Crypto neutralises gold as inflation hedge

gold cryptocurrencies

The attraction investors have shown toward cryptocurrencies has meant gold has not provided its past traditional hedge against inflation.

Gold has not played its traditional defensive role in the current inflationary climate due to the investor interest cryptocurrencies have attracted in recent times, a leading economist has said.

“Normally you would have expected gold [prices] to go up with these worries about inflation. It hasn’t gone up I think because crypto has sucked the air out of gold buying,” AMP Capital head of investment strategy and chief economist Dr Shane Oliver said.

“So there is a pool of investors who may have bought gold as a hedge against inflation, that hasn’t happened, they’ve been buying crypto as part of the scramble or bandwagon to get into cryptocurrencies and seeing that as a hedge against inflation. So that’s what’s happened there,” he added.

AMP Capital senior economist Diana Mousina recommended an alternative strategy to guard against inflation that would allow investors to avoid the volatility of cryptocurrencies.

“We still think that if you are exposed to the share market then that will give you [high] enough returns to offset some of those inflationary pressures that we have. And hopefully in 2022 we won’t see inflation come in at multi-decade highs and [it will] start to come down a little bit,” Mousina said.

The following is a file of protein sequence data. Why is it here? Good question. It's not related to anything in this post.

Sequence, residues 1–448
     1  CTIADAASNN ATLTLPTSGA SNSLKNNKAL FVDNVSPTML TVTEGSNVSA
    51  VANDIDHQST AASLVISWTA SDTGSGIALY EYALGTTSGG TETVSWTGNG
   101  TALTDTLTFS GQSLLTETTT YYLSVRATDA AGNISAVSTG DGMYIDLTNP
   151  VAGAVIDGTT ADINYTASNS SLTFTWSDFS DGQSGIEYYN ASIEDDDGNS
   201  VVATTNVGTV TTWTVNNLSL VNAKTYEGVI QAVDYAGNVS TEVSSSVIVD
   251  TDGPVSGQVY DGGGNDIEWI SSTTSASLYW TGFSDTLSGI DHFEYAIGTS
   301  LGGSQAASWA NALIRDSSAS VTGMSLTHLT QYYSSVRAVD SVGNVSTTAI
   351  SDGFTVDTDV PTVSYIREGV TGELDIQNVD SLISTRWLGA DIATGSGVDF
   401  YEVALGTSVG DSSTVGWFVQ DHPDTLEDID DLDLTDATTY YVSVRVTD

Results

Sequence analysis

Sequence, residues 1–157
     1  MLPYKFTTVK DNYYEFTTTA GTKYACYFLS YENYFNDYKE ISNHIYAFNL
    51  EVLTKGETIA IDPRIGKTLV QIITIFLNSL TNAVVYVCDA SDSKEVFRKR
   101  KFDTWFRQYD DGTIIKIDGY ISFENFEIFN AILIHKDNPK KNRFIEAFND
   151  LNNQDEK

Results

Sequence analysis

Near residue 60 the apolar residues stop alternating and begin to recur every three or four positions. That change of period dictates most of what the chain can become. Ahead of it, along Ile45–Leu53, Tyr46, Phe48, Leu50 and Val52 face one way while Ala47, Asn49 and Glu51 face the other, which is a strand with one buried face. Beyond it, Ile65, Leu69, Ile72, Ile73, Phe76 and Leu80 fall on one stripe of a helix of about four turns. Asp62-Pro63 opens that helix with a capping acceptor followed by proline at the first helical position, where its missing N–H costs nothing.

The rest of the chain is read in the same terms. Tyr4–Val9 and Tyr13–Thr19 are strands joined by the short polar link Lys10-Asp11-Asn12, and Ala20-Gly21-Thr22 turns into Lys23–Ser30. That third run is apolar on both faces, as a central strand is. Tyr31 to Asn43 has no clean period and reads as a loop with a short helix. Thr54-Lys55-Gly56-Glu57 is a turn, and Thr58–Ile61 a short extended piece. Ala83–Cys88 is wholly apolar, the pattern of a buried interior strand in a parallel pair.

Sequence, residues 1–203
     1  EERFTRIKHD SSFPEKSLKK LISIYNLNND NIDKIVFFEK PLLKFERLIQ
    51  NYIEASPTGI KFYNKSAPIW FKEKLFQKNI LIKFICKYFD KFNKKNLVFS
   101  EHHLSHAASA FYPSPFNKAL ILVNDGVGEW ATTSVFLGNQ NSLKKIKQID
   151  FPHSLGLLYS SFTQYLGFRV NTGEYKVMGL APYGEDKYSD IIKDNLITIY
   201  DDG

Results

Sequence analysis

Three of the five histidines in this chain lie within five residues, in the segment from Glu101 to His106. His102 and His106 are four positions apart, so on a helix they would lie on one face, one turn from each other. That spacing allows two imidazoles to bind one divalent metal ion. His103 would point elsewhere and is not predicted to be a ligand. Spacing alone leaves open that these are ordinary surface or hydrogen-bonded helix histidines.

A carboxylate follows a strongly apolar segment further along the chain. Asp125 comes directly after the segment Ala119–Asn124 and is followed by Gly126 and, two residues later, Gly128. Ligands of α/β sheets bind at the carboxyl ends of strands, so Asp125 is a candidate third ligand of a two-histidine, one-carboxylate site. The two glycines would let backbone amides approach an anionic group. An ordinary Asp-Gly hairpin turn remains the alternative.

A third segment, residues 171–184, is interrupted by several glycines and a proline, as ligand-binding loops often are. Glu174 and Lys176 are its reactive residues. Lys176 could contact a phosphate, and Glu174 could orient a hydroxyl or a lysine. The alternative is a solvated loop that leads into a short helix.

Further she pointed out inflation should not be as much as a concern in the Australian market as opposed to the US economy.

“The Australian inflation numbers are still very well contained. I think it’s just a bit of a frenzy going on at the moment thinking that what’s happening in the US will be replicated here in Australia but our latest inflation numbers weren’t really anything to get too concerned about,” she explained.

“We’re now just starting to see that the core reading of inflation is just getting right into the bottom of the arc of the RBA’s (Reserve Bank of Australia) target band.

“We haven’t been in the RBA’s 2 to 3 per cent inflation target band since about 2014 so the inflation pressures here are not the same as what is happening in the US,” Mousina concluded.


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